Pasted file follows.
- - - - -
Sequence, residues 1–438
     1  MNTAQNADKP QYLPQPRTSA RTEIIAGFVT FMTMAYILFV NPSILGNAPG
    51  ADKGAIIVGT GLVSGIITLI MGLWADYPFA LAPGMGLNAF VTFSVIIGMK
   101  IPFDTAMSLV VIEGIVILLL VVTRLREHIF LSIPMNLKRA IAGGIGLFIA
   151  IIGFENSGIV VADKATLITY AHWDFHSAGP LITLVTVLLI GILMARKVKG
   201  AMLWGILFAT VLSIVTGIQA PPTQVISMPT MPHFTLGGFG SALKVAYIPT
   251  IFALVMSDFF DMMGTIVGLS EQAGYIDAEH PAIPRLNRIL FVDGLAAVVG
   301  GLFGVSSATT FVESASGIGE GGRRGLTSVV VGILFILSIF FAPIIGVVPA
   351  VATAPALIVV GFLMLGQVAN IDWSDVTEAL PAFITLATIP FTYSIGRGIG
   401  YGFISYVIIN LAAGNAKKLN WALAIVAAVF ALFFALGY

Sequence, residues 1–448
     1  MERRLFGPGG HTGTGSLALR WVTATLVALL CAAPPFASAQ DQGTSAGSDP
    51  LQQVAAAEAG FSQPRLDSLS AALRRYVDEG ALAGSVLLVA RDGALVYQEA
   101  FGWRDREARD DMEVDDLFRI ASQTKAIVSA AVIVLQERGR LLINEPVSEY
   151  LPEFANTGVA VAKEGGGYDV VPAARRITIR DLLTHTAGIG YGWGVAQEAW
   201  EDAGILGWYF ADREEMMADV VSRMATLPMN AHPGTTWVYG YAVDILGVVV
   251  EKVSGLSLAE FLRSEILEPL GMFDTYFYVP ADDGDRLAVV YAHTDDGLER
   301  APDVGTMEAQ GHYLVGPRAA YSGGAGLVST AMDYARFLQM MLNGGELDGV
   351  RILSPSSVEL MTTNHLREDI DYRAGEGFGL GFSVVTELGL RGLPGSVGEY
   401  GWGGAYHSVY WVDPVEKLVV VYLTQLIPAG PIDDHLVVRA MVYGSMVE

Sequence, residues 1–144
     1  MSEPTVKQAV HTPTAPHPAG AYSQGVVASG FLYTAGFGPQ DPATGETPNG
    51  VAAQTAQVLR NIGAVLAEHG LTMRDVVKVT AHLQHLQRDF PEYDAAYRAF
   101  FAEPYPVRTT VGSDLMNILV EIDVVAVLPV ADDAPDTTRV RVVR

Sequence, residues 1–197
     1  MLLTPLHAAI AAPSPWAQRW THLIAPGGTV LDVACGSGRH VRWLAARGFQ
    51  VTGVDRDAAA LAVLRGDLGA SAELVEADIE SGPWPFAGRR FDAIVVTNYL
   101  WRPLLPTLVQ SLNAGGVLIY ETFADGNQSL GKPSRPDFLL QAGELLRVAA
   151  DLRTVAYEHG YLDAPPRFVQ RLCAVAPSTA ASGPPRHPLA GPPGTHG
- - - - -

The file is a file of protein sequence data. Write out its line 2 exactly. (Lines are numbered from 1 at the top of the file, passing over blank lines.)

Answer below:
     1  MNTAQNADKP QYLPQPRTSA RTEIIAGFVT FMTMAYILFV NPSILGNAPG